Wolves drive to retain the ball as high up the pitch as possible was always going to be problematic for the aggressive ball winning central midfielders. Suspensions are inevitable although not helped by earning bookings for kicking balls away or other elements of ill discipline. Lemina is suspended for the important game at Bournemouth as a result of the red card and a likely further ban shortly afterwards as the inevitable culmination of yellow cards comes into play. Bookings are an occupational hazard as a consequence of the playing style, but the petulant bookings need to be quickly stamped out. Lemina’s grab of the shorts with (as it turned out 20 minutes to go), completely changed the direction of this game. Lemina’s booking seemed harsh compared with the rest of a bad-tempered game, and no doubt many similar instances over this or any other weekend which go by unpunished, but we cannot continue to obtain yellow and red cards at such alarming regularity. First stop, eliminate the petulant bookings.


Lemina’s suspension is tempered slightly by the ever-improving presences of Boubacar Traore. A succession of impressive substitute performances has shown that there is some serious potential here. He is a presence and has shown that he is totally deserving of his start. His energy was again vital in seeing out the game against Aston Villa and he looks to have acclimatised to the pace and requirements of the Premier league. More than his physical presence, however, what has impressed is his improving use of the ball and the pace in which he can move the ball forwards. Boubacar could be an incredible find for Wolves and it is testament to him that Lemina’s suspension is not the disaster that it may have been consider as being, just a few games ago.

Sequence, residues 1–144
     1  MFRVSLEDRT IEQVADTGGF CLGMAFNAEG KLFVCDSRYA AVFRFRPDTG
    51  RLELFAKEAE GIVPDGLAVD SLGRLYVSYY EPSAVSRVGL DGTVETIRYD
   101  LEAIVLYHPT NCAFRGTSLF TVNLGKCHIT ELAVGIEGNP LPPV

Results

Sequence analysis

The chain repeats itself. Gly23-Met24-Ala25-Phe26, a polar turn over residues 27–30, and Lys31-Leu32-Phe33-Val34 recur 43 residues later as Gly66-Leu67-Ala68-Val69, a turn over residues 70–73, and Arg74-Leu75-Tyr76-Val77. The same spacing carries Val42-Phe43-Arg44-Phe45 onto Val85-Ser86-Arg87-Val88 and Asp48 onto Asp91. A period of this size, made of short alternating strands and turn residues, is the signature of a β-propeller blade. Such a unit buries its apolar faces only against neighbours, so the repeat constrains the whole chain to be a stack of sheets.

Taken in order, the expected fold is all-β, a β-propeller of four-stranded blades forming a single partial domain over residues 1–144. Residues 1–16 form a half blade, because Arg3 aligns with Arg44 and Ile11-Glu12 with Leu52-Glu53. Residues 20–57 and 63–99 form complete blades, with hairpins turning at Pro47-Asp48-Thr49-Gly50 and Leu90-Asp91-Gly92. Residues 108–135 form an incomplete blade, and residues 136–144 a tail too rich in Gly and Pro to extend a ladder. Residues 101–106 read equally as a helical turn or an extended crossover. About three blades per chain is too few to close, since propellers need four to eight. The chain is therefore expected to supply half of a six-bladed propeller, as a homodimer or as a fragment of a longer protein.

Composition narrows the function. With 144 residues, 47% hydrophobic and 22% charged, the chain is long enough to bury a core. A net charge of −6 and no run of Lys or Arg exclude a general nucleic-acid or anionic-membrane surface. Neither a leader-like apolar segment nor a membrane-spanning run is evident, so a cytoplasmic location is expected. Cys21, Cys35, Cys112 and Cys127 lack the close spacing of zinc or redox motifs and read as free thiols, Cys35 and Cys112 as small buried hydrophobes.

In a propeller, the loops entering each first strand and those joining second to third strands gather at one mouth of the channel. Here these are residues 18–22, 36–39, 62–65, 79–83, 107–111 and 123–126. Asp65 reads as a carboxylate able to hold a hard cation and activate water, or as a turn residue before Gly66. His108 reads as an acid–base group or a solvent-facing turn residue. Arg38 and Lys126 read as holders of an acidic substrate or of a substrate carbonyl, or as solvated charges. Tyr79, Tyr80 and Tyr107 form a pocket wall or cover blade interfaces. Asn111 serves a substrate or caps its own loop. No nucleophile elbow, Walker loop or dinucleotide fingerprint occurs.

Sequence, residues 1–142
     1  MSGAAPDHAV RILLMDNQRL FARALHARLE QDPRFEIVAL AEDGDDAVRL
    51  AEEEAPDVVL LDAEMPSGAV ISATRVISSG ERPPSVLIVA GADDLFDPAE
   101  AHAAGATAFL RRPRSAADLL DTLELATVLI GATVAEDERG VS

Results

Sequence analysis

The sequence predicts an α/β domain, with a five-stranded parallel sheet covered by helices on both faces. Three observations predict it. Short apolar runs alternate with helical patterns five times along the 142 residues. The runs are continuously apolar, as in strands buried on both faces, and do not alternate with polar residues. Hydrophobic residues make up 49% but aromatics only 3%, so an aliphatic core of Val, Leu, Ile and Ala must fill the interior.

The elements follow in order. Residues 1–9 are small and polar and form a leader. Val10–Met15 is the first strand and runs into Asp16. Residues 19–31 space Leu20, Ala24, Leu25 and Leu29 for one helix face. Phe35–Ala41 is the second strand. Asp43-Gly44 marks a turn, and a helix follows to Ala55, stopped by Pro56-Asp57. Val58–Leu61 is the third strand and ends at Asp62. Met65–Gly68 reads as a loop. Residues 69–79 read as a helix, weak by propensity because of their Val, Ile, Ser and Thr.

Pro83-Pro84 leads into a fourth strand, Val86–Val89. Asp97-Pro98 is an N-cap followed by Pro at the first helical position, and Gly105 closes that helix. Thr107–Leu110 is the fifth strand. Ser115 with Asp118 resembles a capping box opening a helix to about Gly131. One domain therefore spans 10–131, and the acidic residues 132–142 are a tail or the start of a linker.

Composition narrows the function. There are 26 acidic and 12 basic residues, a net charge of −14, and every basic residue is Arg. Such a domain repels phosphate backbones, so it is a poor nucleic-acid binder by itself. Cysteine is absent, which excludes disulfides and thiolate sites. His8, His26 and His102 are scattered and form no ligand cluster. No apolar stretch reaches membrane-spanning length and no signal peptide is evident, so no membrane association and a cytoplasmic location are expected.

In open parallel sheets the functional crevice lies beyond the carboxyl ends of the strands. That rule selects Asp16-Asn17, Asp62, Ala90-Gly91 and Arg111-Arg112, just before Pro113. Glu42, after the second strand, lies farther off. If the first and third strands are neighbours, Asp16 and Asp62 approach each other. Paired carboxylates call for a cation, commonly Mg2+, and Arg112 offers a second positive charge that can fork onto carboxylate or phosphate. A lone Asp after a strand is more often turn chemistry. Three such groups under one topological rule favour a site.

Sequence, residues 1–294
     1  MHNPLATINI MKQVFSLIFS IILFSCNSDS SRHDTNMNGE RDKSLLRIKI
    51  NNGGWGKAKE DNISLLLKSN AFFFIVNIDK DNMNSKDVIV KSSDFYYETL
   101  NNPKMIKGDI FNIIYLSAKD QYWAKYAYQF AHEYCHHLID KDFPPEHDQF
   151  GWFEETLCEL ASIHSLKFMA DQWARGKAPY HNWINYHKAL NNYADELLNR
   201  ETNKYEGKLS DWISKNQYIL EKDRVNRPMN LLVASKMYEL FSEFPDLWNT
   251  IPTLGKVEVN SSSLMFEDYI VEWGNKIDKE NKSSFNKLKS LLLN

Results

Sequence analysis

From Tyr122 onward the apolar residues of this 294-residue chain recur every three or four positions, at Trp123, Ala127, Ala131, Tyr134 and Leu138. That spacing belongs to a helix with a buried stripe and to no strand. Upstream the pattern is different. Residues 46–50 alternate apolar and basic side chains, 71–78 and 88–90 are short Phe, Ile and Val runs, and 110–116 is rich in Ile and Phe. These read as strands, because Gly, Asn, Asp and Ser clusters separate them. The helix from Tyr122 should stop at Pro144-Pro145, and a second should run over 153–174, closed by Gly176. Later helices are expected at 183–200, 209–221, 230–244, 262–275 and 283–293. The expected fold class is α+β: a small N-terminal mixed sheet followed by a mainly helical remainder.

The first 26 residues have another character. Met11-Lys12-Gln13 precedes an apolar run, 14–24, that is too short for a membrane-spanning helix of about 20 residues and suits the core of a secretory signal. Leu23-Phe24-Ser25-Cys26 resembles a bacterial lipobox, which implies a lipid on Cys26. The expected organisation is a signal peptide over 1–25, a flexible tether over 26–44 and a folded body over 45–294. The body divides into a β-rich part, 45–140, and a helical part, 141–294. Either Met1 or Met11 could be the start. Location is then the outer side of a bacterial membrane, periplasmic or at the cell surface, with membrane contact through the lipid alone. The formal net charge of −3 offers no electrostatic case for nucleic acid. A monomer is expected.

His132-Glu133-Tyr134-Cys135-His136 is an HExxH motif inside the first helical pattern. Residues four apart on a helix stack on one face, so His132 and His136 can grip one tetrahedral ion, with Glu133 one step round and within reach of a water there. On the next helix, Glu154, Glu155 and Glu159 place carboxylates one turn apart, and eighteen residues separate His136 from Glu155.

It is so easy to look at Sasa as a big target man. There is also still a fear that at any moment he will fall upon any quick change of direction. You can see why he has been injury prone throughout his career. What was evident in this game however is that Sasa can play. His excellent pass to Neto should have been converted. A Fabulous assist denied. Neto was again released by Sasa with another exquisite through ball that should have created more. Fitness remains an issue and for the moment, Cunha is secure as the first-choice central striker, but as that fitness improves, there will be genuine competition for a starting place. He is a much better footballer than a ‘gerrit in the box’ last 10 minutes target man.